Updated: Mar 3
Many of our intense emotional reactions to triggers in our now, result from triggers that have formed in our past. People will sometimes say they felt like they were acting like a child, but somehow they couldn’t help themselves. Others say that the feelings came in so quickly and so loudly that they reacted with too much anger or fear and said or did things they regretted afterward.
Imagine trauma like this: When we experience trauma, our feelings from that moment get frozen in a trauma time capsule. This time capsule is occasionally switched on by associated triggers in our current reality. It opens up, sucks us back into the past, and we respond the way we felt back then. Intense fear, intense anger, intense sadness, intense panic. We fight or run for our lives. At that moment, our inner child is at the controls and they are trying their best to survive.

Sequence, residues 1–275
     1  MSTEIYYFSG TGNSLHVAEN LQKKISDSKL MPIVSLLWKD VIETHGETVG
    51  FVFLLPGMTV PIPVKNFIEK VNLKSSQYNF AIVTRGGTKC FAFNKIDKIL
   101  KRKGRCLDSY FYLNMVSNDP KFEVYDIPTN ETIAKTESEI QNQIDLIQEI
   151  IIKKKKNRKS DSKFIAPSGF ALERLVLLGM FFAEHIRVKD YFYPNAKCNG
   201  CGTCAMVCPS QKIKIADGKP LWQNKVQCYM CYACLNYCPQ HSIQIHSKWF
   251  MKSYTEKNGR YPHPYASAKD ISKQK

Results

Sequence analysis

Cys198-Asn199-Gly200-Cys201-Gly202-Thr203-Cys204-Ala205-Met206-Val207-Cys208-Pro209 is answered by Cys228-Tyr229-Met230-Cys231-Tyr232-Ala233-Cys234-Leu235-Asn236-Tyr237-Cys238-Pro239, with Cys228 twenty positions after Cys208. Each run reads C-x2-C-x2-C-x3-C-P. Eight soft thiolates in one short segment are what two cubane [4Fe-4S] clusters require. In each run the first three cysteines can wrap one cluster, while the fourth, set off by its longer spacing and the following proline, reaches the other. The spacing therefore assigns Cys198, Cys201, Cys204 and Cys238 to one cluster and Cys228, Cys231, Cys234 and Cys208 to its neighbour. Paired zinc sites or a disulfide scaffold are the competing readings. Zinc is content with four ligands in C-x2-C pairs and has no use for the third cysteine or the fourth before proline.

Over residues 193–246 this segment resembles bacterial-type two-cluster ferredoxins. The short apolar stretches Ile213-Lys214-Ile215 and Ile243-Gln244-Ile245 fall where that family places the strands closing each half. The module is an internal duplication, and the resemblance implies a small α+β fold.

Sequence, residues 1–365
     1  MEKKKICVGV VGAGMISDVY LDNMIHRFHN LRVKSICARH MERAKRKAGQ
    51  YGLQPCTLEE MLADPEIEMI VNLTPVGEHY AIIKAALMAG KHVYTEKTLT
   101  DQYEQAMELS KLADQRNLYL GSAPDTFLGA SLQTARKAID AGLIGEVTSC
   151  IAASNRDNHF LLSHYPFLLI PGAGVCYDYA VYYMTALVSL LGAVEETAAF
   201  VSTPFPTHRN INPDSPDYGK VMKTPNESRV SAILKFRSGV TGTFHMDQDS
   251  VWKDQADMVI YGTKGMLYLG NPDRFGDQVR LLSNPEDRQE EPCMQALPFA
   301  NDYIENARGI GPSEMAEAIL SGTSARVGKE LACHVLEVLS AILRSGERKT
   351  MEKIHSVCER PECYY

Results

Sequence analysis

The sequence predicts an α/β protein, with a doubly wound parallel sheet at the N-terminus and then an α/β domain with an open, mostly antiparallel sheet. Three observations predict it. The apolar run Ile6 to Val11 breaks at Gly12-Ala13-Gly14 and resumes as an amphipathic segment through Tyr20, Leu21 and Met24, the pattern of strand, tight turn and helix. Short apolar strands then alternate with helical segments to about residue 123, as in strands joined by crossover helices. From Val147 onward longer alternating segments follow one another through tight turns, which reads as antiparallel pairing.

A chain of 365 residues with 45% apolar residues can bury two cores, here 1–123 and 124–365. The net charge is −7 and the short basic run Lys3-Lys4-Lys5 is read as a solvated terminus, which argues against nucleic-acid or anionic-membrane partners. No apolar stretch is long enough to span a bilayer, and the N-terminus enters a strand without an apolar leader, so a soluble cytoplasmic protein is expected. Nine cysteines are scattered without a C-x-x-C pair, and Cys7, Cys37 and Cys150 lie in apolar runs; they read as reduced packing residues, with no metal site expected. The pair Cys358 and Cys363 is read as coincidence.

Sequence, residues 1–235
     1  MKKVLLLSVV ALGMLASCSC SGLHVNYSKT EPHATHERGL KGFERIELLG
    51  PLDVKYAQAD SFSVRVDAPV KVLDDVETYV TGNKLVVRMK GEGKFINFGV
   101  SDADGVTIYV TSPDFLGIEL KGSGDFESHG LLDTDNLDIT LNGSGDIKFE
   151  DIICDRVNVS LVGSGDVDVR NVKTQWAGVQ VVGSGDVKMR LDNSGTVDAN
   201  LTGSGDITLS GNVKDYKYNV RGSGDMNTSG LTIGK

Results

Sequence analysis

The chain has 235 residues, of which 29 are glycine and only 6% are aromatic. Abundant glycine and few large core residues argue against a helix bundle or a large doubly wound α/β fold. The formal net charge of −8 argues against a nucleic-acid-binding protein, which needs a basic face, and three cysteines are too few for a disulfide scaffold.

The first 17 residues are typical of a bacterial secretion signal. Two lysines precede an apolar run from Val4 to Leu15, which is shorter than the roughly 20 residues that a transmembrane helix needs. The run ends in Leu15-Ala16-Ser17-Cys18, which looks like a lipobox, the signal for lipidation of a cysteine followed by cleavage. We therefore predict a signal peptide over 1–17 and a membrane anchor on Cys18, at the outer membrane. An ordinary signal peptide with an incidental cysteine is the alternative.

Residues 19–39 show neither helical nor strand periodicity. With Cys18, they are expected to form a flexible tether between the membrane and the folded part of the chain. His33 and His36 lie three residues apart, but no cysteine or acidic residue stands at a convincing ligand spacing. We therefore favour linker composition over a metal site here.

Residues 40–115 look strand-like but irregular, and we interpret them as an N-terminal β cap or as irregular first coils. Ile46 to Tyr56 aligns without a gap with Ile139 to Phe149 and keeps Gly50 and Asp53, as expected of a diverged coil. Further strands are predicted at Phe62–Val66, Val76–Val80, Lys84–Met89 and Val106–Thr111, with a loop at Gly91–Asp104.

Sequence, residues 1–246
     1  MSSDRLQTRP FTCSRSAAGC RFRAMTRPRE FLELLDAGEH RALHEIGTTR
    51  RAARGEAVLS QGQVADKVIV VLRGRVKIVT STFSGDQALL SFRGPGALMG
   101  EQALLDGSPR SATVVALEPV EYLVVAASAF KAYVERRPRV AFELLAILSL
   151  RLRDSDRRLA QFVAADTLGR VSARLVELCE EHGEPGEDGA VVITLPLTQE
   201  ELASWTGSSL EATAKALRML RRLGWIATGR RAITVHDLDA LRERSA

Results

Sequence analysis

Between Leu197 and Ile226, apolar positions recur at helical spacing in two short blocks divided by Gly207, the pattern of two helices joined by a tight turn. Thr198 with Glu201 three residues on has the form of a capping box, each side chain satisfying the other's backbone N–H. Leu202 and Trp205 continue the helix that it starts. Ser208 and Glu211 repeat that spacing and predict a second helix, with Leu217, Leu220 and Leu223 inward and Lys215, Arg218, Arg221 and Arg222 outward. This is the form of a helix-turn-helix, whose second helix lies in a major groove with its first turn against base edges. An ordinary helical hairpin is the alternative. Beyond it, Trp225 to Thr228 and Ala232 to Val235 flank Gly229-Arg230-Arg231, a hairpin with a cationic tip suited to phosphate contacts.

As adults, we may look back at our responses with shock, shame or guilt. We may get frustrated with our anxiety or depression. We may chastise ourselves for not being in control of our emotions. In our adult world, we know we should respond differently. However, the pain or fear we were experiencing is the pain of the child we once were. We often respond with further negativity to this child; telling them off, berating them for their inappropriate emotional reactions, or sending them away so we can get important adult things done. Unfortunately, burying it is not a way to process past trauma and the child will keep coming back asking for help and attention.
There are many ways of getting in touch with and nurturing our inner child. To begin releasing feelings we have frozen from the past, we need to identify these feelings and the needs that we had that weren’t met as children. Then, we can begin to unpack past trauma and let not only the child, but also us as adults meet our needs in a healthy way. The next articles will introduce some our core childhood needs that support healthy, balanced development, and suggest ideas on how to foster these in our children and ourselves.
For more information or to book a consultation with psychologist Dr. Esslin Terrighena, please contact (852) 2521 4668 or firstname.lastname@example.org.
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